Through a new partnership with Nick Jr., new content will launch this fall featuring a more gender-balanced "Steam Team" comprised of three girls and three boys who join Thomas in his adventures. The broader appeal inherent in the expanded content will create a larger platform for the brand going forward.

"Girls are a big opportunity for this brand, especially in apparel and accessories, and we're eager to pursue opportunities in that space," says Dickson.

The brand is also teaming up with new partners to make content even more relevant to a new generation of viewers. In a collaboration with the United Nations, Thomas & Friends will incorporate five of the U.N.'s 17 Sustainability Development Goals into its content targeting preschoolers.

"These goals, coupled with the life lessons 'Thomas & Friends' teaches, will inspire the next generation of global citizens and motivate conversations and learning between children and parents," says Dickson. "To supplement this content, we're partnering to create branded parenting tips and activity sheets that will be available this fall."

Mattel is also re-interpreting Fisher-Price, focusing on building new consumer products programs tied to the classic preschool brand. Chuck Scothon, a toy industry veteran with more than 18 years at Mattel, is leading the revitalization of Fisher-Price to unlock the brand's full potential–licensing will be a critical component of that strategy.

"Fisher-Price is dedicated to being the best possible partner to parents and families during the first years of a child's life, an incredibly motivating promise with global resonance," says Dickson.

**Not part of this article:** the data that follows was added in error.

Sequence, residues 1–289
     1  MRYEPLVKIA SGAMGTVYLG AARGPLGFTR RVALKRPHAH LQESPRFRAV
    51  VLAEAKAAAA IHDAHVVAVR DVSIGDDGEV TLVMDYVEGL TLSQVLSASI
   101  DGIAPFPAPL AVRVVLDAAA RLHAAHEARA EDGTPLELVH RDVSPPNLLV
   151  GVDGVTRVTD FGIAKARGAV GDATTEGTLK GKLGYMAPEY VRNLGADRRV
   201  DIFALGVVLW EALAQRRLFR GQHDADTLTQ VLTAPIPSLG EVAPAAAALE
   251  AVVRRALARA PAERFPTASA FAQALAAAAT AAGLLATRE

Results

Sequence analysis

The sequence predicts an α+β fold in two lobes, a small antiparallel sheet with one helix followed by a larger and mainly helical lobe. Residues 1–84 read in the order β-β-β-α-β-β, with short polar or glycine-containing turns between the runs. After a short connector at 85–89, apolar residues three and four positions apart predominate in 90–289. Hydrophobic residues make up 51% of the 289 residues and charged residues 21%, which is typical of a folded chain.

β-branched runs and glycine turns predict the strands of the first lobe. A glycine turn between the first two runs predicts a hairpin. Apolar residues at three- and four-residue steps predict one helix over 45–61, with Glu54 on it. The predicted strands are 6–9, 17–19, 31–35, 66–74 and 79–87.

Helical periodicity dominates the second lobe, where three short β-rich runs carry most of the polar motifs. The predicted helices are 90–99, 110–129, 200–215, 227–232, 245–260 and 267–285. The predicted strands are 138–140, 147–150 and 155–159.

The Barbie brand has also been evolving to meet the needs of new generations. The Barbie Fashionistas doll line continues to add body types, skin tones, eye colors, hairstyles and countless on-trend fashions and accessories for Barbie and Ken, adding more diversity into the line.

"Barbie's dramatic and most recent evolution, which began with the introduction of new body types, has continued," says Dickson. "Barbie inspires the limitless potential in every girl. A truly timeless and now even more highly relevant promise to girls everywhere, Barbie is the most diverse doll line in the marketplace, which has influenced asset creation in a variety of constructive ways, from imagery that reflects the real-world girls see around them every day, to even more empowering messaging."

Barbie's inspiring Sheroes program, now in its third year, honors real-life role models who break boundaries to inspire the next generation of girls. Past Sheroes featured ballerina Misty Copeland and Olympic gymnast Gabby Douglas.

"Every honoree receives a one-of-a-kind doll made in their likeness, the highest honor the brand bestows," says Dickson.

To mark this year's International Women's Day, the brand honored 14 new Sheroes from around the world who are not only breaking barriers, but are highly relevant to Barbie's core audience of girls, ages 10 and younger. (2018's inductees included aviator Amelia Earhart and mathematician Katherine Johnson.)

"Sheroes is just one of several dynamic initiatives from Barbie," says Dickson. "We have some very big plans for Barbie's 60th anniversary."

While Barbie continues to make strides this year, birthday celebrations have yet to be announced.

Read more about:

BarbieHot WheelsMattel

About the Author(s)

Barbara Sax

Barbara Sax is a contributor to License Global Magazine.